I spent most of the day reading and finished the book I am to review. I can’t share anything about the book here. I intend to submit the review tomorrow. The object is to get established enough to get paid for my efforts. I already submitted one review. They said they liked it, but I didn’t have enough posts on their site to qualify to get paid yet. So I accepted one more non-paying review. I believe I have enough points now.

I just thought I would try out the on-line book review gig to see if a person can actually get paid as they claim. An experiment. I also need some computer time just to get better at navigating the technology.

The world of blogs, Submittable, on-line journals and mags, etc., is staggering to my less-than-supple mind. I need to at least make an effort with the technology.

My other efforts at functioning today included baking some chêbê (a gluten-free Brazilian bread made with tapioca flour and cheese). That was such a treat, I had to stop my typing and warm a slice and eat it right now.

Also did a little housework and attended to some random paperwork in my “Attention” folder.

I didn’t actually get to working on the short story my group critiqued last Saturday. I am fortunately not lined up to submit this week. This particular piece was really more of an idea that I had not fully formed yet. If I didn’t realize that, my truly honest and exacting writer friends certainly did.

I did give some thought to that would-be story today. I think I want to try creating it as a flash fiction piece. I put in some time researching the craft of flash fiction today. I want to see if I am up to the challenge.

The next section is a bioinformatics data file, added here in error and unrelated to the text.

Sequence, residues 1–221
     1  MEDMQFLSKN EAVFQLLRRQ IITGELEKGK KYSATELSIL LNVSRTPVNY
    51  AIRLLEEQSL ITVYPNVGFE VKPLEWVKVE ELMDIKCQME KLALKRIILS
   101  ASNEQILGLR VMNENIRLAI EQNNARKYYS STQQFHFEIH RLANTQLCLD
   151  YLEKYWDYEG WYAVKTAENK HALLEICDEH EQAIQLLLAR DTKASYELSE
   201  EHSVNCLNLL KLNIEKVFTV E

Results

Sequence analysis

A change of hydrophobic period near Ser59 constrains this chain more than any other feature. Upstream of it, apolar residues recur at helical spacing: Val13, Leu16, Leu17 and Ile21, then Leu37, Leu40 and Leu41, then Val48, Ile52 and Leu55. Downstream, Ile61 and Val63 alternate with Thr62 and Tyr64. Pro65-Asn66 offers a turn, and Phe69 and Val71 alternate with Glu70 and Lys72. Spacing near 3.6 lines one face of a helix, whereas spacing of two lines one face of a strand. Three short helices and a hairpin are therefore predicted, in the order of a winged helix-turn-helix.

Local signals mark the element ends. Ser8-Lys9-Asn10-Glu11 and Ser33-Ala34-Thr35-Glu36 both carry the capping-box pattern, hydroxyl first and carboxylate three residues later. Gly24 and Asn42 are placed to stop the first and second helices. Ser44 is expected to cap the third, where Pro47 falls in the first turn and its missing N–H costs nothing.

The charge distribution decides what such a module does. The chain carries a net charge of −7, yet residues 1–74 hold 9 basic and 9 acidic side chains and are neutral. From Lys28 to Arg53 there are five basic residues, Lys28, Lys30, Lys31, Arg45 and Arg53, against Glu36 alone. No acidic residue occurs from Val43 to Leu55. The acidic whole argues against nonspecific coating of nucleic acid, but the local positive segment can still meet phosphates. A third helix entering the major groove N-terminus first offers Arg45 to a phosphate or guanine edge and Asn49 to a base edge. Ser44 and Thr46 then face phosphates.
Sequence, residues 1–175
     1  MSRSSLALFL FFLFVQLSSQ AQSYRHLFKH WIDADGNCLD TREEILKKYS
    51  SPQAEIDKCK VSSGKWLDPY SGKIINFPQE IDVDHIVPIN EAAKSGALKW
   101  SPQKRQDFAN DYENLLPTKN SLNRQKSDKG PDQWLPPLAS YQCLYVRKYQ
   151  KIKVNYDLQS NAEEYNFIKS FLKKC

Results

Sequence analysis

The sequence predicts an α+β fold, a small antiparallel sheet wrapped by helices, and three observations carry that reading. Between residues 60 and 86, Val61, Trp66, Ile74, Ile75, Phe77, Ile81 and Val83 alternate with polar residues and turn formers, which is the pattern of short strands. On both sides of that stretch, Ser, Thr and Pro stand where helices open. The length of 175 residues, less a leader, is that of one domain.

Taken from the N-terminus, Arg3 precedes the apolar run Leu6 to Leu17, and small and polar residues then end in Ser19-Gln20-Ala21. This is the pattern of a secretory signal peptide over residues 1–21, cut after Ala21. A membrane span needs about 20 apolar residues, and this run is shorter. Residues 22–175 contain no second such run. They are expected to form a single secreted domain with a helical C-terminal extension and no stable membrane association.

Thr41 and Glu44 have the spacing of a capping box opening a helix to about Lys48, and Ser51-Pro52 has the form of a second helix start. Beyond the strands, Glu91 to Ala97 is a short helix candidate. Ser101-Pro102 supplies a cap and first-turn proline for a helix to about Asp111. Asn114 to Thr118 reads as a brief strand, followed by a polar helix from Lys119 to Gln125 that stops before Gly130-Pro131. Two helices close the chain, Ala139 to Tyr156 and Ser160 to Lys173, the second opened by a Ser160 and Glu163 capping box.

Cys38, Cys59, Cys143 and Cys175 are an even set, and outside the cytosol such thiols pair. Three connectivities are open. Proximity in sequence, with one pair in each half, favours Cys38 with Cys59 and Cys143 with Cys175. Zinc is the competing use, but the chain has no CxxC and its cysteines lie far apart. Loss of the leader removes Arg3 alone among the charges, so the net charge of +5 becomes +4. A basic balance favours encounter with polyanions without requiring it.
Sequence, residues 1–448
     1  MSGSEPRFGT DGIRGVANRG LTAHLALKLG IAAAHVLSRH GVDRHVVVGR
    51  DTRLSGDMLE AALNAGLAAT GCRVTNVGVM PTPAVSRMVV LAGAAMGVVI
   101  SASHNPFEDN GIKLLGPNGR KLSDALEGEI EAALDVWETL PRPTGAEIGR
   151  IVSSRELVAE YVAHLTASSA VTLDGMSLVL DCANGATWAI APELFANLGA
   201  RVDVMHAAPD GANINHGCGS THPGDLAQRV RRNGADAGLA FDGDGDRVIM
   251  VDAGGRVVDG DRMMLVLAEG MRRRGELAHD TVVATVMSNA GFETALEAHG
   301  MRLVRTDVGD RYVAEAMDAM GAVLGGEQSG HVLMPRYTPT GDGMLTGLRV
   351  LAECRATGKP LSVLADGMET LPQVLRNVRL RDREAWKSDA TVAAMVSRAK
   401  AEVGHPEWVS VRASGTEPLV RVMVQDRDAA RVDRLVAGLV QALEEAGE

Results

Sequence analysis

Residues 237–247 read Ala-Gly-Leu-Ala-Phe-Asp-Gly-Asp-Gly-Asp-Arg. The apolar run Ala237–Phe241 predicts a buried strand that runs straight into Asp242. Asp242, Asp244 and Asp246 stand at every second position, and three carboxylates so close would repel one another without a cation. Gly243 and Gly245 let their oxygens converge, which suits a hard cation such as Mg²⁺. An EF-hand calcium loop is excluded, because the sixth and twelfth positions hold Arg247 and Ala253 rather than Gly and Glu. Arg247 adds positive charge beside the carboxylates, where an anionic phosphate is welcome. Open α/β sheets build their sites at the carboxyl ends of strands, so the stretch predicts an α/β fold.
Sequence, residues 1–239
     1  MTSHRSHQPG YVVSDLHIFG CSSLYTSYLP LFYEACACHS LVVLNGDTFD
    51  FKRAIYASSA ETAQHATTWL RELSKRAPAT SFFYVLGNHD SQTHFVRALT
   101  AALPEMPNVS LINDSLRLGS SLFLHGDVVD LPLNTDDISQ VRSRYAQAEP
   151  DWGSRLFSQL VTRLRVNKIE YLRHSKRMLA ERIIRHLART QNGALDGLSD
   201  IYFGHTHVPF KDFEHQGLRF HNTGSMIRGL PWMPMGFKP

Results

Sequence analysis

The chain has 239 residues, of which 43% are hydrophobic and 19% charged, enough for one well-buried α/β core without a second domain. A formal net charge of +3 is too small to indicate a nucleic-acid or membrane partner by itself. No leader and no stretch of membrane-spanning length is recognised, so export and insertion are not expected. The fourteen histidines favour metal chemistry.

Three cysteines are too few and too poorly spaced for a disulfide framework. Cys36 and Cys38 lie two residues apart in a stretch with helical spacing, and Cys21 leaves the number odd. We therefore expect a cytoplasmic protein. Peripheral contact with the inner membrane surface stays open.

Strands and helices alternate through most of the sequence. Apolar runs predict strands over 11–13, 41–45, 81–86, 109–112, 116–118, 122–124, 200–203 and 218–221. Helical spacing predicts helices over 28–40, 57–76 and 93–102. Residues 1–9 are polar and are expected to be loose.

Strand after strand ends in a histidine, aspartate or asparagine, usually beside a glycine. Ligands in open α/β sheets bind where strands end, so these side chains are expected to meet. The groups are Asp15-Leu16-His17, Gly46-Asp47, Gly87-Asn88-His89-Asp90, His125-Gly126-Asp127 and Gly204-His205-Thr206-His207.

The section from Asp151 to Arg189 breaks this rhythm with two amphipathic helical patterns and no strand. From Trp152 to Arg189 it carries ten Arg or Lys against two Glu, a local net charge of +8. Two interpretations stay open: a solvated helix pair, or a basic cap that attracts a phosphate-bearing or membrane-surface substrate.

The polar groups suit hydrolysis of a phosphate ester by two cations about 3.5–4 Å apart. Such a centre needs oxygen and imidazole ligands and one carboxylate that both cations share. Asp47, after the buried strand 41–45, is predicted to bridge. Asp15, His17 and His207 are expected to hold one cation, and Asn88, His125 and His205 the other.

So, let’s see where this goes this time.

Trust in the Lord!















The Hopeful Season of Lent

Ash Wednesday found me at an evening service to receive Communion and ashes on my forehead.  Our service was bilingual, the priests and lectors alternating readings in English and Spanish.  Some people find this distracting, but to me it feels like opening a window and letting in the reality of my neighbors.  We had the words in both languages printed out to follow along.  I don’t know enough Spanish to claim that I speak it, but seeing the words on paper helps.

This was especially true for me last night, because my ears are giving me more problems than usual this week, and even with my pocketalker I was having a difficult time discerning words in English or Spanish.  This was especially true during the sermons, one in Spanish and one in English, because there was of course nothing to read along.  I  could hear  their voices speaking, but in both cases  my ears refused to deliver discernible words.

I am glad I attended, even though I am sorry to have missed the thoughts shared by our two exceptional priests during their sermons.

I finished off the evening by backing into the car of one of my friends in the parking lot. How embarrassing!  Fortunately, I don’t think I dented her bumper, just scrapteed the paint. The parking lot was dark and my night vision is terrible, but this is the first time I have hit someone’s car.  I actually had a note on my car a few weeks ago that someone had backed into mine.   Anyway, something of a humbling experience.  When I am finished writing here, I need to try to find Jackie’s phone number or email as I forgot to give her my driver’s license number with my other information, and I forgot to get any of hers so I can report properly to my insurance.

Well, that’s a tangent, but here I am in my life, and things tend to happen that way.

To give myself a sense of the season, I have decided to re-read Landscapes of the Soul (a spirituality of place)
by Robert M. Hamma.

I expect a completely fresh reading as I feel like a different person than the one who last picked up this book.  I intend to share my journey through the reading here.  Maybe for Lent, I can stick to my intention,

This morning I just read the short Introduction, and the words that speak to me this morning:  “There is a hiddenness [sic] of God  in the common place that does not easily yield itself to us.”

I find myself at this point in time very much trying to discern the presence of God.  I have an ever-growing sense of life as I know it winding down.  I want to understand in my heart what this means, and what I might do with it going forward.